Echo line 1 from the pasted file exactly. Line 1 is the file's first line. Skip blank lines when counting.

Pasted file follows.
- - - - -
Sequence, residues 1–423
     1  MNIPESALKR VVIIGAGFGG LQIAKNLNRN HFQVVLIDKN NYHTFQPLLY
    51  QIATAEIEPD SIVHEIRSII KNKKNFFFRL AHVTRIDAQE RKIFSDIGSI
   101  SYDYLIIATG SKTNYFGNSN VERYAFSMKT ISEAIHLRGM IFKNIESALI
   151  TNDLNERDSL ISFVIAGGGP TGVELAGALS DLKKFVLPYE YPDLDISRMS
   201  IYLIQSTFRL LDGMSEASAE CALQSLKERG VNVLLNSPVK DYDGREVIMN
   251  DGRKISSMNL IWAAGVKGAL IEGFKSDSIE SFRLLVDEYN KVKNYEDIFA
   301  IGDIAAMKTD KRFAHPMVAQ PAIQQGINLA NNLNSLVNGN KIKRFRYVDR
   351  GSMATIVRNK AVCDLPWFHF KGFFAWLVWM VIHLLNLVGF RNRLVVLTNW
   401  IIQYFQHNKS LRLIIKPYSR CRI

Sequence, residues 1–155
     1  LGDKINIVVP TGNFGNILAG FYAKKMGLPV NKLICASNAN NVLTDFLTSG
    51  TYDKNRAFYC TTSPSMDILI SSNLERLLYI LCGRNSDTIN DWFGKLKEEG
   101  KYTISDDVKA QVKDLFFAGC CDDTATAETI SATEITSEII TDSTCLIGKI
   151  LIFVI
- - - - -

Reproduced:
Sequence, residues 1–423